• Working for the U.S. Navy, Woolpert (as partner in NAVGeo LLC, a joint venture) collected airborne lidar and imagery services for the production and delivery of digital elevation modeling, orthoimagery and planimetric feature extraction over Sembawang Naval Base in Singapore. This required creating a new, highly accurate 3D control network. The team captured airborne lidar at a nominal pulse spacing of 0.28 meters (12 ppsm) simultaneously with the aerial imagery over the 4.8-square-mile project site. Deliverables included high-resolution digital orthophotos captured at 6 centimeters GSD to produce 7.5-centimeter-pixel-resolution natural-color (RGB) imagery products.
The city of Palm Coast, Fla., tapped Woolpert to create a citywide monitoring strategy to identify and compile information influential in developing and directing the city’s stormwater monitoring program. This strategy included a phased augmentation of the city’s network to include water quality at the 12 real-time monitoring stations used for automated flood control within the community’s many canals and to assist with proactive storm response and traffic-routing capabilities.
• In March 2023, the National Oceanic and Atmospheric Association contracted with Woolpert to perform hydrographic surveying and collect bathymetric data for hydrodynamic modeling over 615 square nautical miles of the Chesapeake Bay Watershed, including portions of the Potomac, Rappahannock, James and York rivers, which in some areas have not been surveyed for more than 50 years. To do this work, five hydrographic survey vessels will be mobilized (a quarter of Woolpert’s fleet), all equipped with multibeam and side-scan sonar systems. According to Woolpert Program Director and Certified Hydrographer Dave Neff, “This is an outstanding use of taxpayer dollars, because it is all about improving public safety, advancing the blue economy and preserving the environment for decades to come.”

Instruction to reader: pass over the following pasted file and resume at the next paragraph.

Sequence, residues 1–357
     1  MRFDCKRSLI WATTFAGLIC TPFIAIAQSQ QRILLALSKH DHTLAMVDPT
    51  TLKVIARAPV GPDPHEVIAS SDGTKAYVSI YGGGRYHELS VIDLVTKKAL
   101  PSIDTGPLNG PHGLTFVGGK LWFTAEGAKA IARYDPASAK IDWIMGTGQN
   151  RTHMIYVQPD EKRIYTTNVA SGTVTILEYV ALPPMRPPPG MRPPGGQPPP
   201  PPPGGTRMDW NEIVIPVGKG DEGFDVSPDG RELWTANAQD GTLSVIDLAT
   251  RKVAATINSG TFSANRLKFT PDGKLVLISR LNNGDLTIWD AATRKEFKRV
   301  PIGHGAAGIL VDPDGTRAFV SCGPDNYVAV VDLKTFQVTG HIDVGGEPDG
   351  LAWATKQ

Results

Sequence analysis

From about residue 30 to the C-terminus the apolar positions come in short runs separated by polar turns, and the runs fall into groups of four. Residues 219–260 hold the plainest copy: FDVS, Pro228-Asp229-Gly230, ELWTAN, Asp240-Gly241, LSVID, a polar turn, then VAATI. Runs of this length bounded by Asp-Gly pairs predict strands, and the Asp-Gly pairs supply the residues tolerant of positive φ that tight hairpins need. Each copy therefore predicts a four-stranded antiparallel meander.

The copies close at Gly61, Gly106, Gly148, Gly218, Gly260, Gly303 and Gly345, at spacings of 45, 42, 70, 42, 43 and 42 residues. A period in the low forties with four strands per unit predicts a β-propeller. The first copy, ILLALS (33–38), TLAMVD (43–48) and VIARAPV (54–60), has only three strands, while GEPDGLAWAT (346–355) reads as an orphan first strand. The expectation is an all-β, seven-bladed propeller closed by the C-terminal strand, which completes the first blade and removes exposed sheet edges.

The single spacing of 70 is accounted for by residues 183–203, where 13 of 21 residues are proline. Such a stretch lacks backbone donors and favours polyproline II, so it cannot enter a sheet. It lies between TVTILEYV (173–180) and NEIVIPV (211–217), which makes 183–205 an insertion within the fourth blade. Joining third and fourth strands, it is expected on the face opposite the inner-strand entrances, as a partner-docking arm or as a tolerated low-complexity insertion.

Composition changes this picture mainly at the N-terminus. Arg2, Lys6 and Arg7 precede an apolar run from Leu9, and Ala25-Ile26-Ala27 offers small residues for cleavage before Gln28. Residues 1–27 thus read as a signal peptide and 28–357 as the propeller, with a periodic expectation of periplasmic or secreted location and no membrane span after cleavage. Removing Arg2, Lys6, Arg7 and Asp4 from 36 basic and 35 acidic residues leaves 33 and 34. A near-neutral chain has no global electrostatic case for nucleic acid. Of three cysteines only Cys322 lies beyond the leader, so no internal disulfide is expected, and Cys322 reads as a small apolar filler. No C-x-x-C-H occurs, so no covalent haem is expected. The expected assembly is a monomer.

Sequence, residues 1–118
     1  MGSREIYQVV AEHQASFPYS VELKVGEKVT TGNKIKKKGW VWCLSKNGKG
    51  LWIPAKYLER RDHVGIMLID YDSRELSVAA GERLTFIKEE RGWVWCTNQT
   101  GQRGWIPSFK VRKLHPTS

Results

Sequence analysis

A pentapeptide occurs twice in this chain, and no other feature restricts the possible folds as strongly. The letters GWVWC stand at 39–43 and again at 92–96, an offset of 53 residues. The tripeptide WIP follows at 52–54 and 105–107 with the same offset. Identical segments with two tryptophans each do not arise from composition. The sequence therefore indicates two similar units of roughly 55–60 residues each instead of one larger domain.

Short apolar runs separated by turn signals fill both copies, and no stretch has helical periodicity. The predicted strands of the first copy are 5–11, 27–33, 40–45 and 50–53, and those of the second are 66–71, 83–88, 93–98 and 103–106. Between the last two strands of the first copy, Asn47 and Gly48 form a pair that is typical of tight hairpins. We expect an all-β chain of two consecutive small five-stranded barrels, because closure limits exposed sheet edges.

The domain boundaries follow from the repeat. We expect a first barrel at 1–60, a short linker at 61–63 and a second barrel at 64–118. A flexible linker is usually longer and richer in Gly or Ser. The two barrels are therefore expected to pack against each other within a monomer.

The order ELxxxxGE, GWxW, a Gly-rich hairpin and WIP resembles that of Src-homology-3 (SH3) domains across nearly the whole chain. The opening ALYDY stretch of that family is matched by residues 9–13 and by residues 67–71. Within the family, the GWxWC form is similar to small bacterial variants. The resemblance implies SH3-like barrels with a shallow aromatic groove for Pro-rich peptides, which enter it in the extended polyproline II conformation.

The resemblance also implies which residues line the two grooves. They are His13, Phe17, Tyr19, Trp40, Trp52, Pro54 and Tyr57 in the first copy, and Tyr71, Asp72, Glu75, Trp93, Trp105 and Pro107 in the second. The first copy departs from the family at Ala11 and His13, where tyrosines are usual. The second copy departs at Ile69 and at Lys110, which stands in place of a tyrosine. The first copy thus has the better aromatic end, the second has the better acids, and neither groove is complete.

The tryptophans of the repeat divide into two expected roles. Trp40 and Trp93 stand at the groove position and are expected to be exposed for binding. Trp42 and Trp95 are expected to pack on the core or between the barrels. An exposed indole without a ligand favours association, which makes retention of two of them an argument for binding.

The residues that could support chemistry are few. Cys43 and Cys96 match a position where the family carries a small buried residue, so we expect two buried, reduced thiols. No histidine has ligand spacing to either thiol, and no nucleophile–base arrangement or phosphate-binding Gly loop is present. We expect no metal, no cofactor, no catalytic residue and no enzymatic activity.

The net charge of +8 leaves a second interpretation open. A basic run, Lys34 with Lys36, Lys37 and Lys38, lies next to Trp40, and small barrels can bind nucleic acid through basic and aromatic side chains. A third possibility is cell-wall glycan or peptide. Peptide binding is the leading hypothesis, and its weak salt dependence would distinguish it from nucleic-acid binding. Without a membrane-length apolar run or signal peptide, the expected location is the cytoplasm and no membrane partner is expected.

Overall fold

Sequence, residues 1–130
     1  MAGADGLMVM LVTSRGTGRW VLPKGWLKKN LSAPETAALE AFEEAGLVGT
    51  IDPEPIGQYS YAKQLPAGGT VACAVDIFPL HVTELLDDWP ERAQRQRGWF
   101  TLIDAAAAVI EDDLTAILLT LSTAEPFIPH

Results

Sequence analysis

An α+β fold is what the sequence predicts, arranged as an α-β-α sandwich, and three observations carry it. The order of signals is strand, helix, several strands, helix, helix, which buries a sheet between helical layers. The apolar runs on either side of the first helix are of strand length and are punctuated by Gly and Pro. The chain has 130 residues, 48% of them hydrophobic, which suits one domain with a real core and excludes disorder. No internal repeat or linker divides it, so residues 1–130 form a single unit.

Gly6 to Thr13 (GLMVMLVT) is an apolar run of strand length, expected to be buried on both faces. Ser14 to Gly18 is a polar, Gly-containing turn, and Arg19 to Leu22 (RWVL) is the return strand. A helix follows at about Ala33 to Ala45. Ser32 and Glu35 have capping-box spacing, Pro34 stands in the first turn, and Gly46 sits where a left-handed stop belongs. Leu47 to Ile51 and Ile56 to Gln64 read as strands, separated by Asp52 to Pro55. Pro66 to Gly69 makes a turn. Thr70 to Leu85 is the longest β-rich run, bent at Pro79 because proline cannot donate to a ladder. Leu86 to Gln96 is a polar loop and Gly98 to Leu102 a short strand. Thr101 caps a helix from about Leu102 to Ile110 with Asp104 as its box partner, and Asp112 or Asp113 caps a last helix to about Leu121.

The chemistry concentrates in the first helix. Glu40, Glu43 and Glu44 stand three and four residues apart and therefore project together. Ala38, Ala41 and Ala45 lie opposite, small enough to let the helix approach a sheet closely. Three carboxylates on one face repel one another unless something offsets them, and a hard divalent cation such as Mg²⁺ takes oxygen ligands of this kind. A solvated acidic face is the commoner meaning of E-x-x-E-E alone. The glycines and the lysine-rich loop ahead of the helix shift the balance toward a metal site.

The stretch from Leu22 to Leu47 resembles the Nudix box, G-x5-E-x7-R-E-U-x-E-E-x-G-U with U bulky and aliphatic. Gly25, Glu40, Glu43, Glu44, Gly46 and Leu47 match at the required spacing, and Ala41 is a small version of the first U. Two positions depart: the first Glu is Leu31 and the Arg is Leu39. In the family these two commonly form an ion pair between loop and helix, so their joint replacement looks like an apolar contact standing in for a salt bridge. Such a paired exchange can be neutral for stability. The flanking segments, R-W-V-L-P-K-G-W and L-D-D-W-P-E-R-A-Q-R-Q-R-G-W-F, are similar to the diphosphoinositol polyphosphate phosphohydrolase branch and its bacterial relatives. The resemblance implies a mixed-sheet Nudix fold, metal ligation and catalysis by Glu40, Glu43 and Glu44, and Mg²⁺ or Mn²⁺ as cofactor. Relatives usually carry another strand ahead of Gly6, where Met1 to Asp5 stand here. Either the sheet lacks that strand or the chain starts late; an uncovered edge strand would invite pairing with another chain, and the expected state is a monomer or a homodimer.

• Woolpert was contracted by the U.S. Army Corps of Engineers and Pro-ROV Services for the Browns Valley Irrigation District under separate contracts to collect and integrate lidar and multibeam sonar data. The data were used to map and model Collins Lake, a reservoir located northeast of Sacramento, Calif., in the foothills of the Sierra Nevada Mountains, and for capacity surveys conducted at Lake Isabella east of Bakersfield, Calif. “With the ongoing drought, the accuracy of these data is essential to the effective management of water resources,” says Neff. “Collecting and integrating lidar and multibeam sonar data ties together two technologies and creates a precise and seamless elevation model. That model is then hosted within a point cloud for state and local officials to access, so they can effectively plan and manage these critical assets.” UAVs and fixed-wing aircraft were used to collect lidar data, and sonar data was collected by eTrac, a Woolpert Company, which is a vessel-based hydrographic survey firm acquired by Woolpert in February 2022. “We are fortunate to have the staff and equipment to collect data as each project demands,” adds Neff. “With three offices in California, we understand all too well the impact the drought has on the state. Advanced technologies such as these hold the key to the state’s ability to overcome the water crisis. We are here and ready to help.”